Tip of the Week – Copyright Your Images

Tip of the Week – Copyright Your Images

Every week, we post a photography-related tip on our blog. These tips are typically inspired by questions we get from our customers. Sometimes we might feature a technique tip, and sometimes a gear recommendation. If there’s something specific you’d like to see in this section, let us know. Email us at blog@borrowlenses.com. Imagine this scenario: you’re out shooting and take an amazing, once-in-a-lifetime image of the San Francisco skyline. Pleased with your work, your rush home and put it up on your Flickr account, your 500px gallery and your Goolge+ page. It’s up on Facebook, you’ve Tweeted it, it’s out there for the world to see. Six months later, your photo is on the cover of a magazine. You didn’t give them permission to print it, and you certainly didn’t get paid for it. So you decide to sue the magazine for copyright infringement. You head to an attorney’s office and ask him to take the case on. His first question is likely going to be, “did you register the image with the US Copyright Office?” If you think that just taking the image, watermarking it and putting “Image Copyright © 2012 Joe Photographer, All Rights Reserved” in the metadata was all you needed to do to protect your image from being ripped off, you’d be wrong. To defend your copyright – at least, in court – you need to register the image with the US Copyright Office. Without you, your case cannot even be heard in court, accoding to Ed Greenberg and Jack Reznicki, authors of the “Photographer’s Survival Manual.” “… you cannot file a copyright infringement suit...
Pros You Should Know: Juan Pons

Pros You Should Know: Juan Pons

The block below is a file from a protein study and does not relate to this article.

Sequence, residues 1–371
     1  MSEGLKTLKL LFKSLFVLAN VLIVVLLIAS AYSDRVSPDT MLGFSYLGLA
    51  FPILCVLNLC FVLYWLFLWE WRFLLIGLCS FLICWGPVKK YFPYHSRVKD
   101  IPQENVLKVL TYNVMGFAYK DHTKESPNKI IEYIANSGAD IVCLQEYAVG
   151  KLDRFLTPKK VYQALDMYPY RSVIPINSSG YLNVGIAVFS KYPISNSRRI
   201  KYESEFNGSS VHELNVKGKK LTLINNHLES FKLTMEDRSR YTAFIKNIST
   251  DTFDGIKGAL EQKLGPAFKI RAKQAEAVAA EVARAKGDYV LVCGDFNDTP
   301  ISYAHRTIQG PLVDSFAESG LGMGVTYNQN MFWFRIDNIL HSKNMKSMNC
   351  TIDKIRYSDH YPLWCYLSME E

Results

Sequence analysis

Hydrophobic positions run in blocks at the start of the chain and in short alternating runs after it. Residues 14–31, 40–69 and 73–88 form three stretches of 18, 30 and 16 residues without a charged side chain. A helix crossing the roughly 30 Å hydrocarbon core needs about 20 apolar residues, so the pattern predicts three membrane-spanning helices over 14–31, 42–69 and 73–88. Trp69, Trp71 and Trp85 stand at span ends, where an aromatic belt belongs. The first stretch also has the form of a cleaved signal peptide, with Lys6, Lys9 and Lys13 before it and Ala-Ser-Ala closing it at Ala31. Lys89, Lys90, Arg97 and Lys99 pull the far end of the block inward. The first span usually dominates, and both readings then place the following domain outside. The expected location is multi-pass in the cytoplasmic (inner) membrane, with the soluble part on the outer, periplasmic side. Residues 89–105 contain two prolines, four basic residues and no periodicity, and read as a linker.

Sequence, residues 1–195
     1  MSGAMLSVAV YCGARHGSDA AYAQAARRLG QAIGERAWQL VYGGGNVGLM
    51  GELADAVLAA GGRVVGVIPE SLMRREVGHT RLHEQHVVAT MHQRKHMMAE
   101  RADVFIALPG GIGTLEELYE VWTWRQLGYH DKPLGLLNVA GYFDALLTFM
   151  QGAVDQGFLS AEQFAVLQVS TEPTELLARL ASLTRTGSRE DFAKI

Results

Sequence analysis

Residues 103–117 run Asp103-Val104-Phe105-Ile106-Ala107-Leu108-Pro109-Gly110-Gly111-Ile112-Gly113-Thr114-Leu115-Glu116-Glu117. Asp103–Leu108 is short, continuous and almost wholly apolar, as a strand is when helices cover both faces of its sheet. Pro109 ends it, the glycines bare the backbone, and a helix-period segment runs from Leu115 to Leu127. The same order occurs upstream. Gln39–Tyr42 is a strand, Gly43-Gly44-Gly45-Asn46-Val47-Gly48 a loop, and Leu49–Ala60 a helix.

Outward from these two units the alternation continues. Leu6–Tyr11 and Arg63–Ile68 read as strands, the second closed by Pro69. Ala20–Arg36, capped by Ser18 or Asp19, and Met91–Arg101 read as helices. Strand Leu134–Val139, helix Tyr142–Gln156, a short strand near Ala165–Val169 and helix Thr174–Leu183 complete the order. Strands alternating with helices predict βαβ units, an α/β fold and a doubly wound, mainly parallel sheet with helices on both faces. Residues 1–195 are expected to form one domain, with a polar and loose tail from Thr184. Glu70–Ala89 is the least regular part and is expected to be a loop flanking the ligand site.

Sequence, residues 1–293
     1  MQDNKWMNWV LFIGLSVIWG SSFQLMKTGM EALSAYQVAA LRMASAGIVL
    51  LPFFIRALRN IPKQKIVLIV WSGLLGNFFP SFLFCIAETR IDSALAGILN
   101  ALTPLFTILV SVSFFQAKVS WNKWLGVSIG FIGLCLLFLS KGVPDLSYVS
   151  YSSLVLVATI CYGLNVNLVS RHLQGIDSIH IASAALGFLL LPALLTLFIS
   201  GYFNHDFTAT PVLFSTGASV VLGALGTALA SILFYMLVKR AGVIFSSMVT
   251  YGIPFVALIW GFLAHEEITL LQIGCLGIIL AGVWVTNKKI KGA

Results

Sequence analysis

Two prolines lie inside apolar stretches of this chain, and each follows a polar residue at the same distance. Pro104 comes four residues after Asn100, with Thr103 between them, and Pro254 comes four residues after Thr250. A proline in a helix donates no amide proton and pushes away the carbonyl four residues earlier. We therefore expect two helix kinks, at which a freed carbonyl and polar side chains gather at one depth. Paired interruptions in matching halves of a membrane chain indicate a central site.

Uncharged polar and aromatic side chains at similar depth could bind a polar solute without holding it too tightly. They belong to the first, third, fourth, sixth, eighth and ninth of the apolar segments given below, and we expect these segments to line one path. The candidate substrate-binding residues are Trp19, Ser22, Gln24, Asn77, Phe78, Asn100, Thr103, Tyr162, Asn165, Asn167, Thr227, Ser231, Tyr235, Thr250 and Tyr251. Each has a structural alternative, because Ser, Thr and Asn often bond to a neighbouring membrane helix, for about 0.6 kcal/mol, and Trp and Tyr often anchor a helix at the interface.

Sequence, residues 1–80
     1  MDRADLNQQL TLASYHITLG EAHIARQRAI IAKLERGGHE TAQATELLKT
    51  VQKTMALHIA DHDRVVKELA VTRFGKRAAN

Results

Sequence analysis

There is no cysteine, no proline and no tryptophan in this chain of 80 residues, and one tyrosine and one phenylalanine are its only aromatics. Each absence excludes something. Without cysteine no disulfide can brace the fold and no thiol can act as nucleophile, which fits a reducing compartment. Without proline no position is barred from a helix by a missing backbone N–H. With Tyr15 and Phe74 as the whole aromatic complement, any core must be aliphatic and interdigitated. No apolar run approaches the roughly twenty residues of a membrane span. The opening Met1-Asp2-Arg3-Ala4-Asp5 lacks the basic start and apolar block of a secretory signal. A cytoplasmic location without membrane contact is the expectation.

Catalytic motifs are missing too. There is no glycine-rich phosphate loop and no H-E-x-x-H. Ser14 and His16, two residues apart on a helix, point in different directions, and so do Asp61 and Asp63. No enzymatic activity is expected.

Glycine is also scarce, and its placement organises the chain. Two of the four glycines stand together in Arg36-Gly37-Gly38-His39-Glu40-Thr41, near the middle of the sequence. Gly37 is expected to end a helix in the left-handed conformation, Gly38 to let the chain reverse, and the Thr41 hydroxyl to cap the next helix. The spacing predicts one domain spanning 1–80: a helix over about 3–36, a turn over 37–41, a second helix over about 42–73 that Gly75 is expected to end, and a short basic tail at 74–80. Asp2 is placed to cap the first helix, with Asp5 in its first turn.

“Pros you should know” is an ongoing Q&A series with photographers that the folks here at BorrowLenses.com admire and follow. Juan Pons has been a photographer for more than 20 years. Born and raised in San Juan, Puerto Rico, Juan is a fantastic nature and wildlife photographer and educator. An avid conservationist, Juan’s passion for the environment is evident through his images, many of which he donates to non-profit organizations focused on nature conservation. He leads workshops in Yellowstone, Bosque Del Apache, and many other locations around the world, and is co-host of the Digital Photo Experience podcast, which is definitely worth a listen for photo enthusiasts. We asked Juan to take a bit of time from his busy schedule and answer a few questions for us, and he was kind enough to acquiesce, and to provide us with some of his amazing photography (more of which can be found on his blog) for this piece. 1. How did you get started in photography? I was very fortunate that the high school I attended had an excellent photography teacher and program. Ms. Solorow was incredibly inspirational and taught us not just the basics and mechanics of photography, but that we should always be experimenting and stepping out of our comfort zones photographically. 2. How has photography changed the way you see the world around you? The primary reason I decided to concentrate on wildlife and nature photography is because it allows me to slow down and examine wildlife and nature much more intimately than I would have otherwise. I am a firm believer that you must know your subject...